Emergency doctors are urging Kiwis to play it safe this summer with Covid-19 in the community and emergency departments facing unprecedented pressure.
“When people are off on holiday, the rest of us will be fully togged up in PPE, wearing N95 masks, protecting ourselves, protecting our patients so we're hoping that there are some avoidable presentations that do not occur over the holiday period,” Australasian College for Emergency Medicine Immediate Past President Dr John Bonning told 1News.
Nurse resignations, PPE requirements, Covid-19 protocols and a steady increase in patients needing care for illnesses like pneumonia and diabetes as well as trauma are all contributing to the pressure.
Bonning said a target for patients to only stay in Waikato Hospital’s emergency department for a maximum of six hours is now unachievable.
Operating theatres and hospital wards will run at a reduced capacity over the summer break.
“Unfortunately, patients are waiting 18 hours, 20 hours, 24 hours in ED waiting to move through and if the backdoor of ED up into the wards is not working, of course the tap is still pouring in the front and sometimes we can't even offload ambulances,” Bonning said.
He said there are increases in people needing treatment for alcohol and drug use, as well as car accidents, over the Christmas and New Year period.
Water incidents, sun burn and home renovations also result in ED presentations.
“Put your hat on and don’t get sun burnt, surprisingly enough some people do come to emergency departments with sunburn but they get a little bit of a short shift from us,” he said.
Bonning said some of these incidents are avoidable and delay care for other patients.
“Please do be patient - we're working our hardest, doing our best.
“There can be times where there's 30, 50, 50 patients waiting to be seen - some patients have to wait 6, 10, 12 hours to be seen,” he said.
As always, patients are prioritised based on their needs.
“If they’re sitting in a waiting room and the resuscitation rooms are really busy they won’t see that - try to be gentle and calm - many of us will not be taking holidays… sometimes we get minor complaints about people waiting for a couple of hours and they really don’t see those young and elderly people in other parts of the department,” Bonning said.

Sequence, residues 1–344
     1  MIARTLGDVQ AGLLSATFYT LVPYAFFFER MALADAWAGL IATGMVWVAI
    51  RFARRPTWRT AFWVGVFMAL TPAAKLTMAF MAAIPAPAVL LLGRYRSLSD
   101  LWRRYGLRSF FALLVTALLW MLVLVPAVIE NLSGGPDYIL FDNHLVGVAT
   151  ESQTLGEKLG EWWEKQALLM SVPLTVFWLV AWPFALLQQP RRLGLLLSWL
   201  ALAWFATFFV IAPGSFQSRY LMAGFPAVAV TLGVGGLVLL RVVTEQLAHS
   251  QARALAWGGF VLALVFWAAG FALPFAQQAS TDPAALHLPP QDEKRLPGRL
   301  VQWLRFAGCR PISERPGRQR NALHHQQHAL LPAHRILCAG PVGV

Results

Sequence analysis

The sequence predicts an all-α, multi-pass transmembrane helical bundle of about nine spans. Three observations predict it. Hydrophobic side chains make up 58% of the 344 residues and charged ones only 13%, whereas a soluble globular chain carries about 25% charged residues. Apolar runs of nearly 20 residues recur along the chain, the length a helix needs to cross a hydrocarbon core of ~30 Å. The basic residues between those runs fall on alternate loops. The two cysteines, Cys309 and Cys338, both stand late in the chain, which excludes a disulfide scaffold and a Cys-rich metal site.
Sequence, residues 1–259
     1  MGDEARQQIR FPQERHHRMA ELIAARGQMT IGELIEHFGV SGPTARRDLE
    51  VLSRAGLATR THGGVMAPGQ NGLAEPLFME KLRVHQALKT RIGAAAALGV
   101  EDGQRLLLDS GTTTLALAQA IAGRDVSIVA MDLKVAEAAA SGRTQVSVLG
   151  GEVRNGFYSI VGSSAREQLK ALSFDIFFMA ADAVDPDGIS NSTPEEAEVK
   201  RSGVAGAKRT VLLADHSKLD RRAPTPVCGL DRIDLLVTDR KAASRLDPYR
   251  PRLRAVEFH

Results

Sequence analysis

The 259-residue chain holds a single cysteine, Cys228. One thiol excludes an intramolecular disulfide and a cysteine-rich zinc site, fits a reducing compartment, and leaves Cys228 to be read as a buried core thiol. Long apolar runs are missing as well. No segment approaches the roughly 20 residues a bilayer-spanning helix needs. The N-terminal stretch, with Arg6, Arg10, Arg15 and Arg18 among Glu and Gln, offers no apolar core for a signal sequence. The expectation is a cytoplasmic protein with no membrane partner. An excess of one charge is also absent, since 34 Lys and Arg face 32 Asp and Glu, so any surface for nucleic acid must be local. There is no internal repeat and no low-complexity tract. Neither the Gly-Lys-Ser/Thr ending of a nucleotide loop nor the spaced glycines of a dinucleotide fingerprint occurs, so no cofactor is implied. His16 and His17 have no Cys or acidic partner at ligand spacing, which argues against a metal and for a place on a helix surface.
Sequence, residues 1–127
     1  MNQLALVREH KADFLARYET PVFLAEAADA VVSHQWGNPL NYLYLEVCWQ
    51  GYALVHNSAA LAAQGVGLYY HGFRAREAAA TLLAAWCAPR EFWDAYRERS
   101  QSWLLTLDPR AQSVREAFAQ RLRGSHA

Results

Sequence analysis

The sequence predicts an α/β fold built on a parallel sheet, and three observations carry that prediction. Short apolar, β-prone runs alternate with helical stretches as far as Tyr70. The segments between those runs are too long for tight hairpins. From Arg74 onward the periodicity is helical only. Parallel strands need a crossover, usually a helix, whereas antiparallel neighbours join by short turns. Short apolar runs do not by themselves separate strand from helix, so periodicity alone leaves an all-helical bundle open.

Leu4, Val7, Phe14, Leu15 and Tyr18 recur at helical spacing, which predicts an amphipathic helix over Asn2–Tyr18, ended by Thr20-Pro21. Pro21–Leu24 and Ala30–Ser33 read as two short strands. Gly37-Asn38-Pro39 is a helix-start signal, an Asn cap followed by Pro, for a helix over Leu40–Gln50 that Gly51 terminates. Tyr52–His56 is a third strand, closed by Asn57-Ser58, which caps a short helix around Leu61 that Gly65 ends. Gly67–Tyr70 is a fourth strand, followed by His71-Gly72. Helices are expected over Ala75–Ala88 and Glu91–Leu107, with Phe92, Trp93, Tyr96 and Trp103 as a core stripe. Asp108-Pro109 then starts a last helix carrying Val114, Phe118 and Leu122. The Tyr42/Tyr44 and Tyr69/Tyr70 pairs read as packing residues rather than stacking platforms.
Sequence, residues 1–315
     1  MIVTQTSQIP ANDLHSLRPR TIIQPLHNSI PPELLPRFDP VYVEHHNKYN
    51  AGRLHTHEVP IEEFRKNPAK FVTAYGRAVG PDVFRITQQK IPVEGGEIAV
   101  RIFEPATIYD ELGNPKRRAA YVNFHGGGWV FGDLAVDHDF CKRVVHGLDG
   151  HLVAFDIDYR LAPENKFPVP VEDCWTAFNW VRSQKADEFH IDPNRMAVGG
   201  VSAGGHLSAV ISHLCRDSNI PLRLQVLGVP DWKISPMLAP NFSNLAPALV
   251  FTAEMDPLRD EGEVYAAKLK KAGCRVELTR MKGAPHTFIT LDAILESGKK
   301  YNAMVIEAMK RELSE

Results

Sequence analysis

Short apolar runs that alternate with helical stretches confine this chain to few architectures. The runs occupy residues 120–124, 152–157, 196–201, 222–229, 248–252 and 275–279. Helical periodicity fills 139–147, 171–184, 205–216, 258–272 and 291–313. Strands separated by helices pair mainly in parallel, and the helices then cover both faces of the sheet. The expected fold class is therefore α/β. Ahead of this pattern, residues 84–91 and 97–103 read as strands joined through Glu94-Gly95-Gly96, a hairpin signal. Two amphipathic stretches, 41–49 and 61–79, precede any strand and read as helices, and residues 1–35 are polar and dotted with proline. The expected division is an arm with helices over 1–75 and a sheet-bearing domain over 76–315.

Smaller hospitals in popular holiday spots are expected to struggle the most.
“It's really important that you know people are just respectful and mindful of the increased strain and you know a ‘thank you’ goes a long way in a rural area,” New Zealand Rural General Practice Network’s Dr Jeremy Webber said.
He’s concerned about the impact of Covid-19 on rural New Zealand.
“While the Government doesn’t expect our rural hospitals to deal with it, you know the patient population expects to be treated close to home and they are going to present to our rural environments and yes, we are going to get them safely to somewhere else but we need to make sure our staff and patients are safe as well,” he said.
Many rural hospitals missed out on the Government's $644 million investment in pandemic infrastructure.
The majority of district health boards did not submit projects at rural hospitals to be considered for funding.
In a statement, Health Minister Andrew Little said hospitals with safety concerns should contact their district health board.
"The smaller the hospital, the higher the risk to non-Covid patients, which is why our Care in the Community programme is based on hospitals organising as regions and sending patients to the hospital best equipped to safely provide the care they need," he said.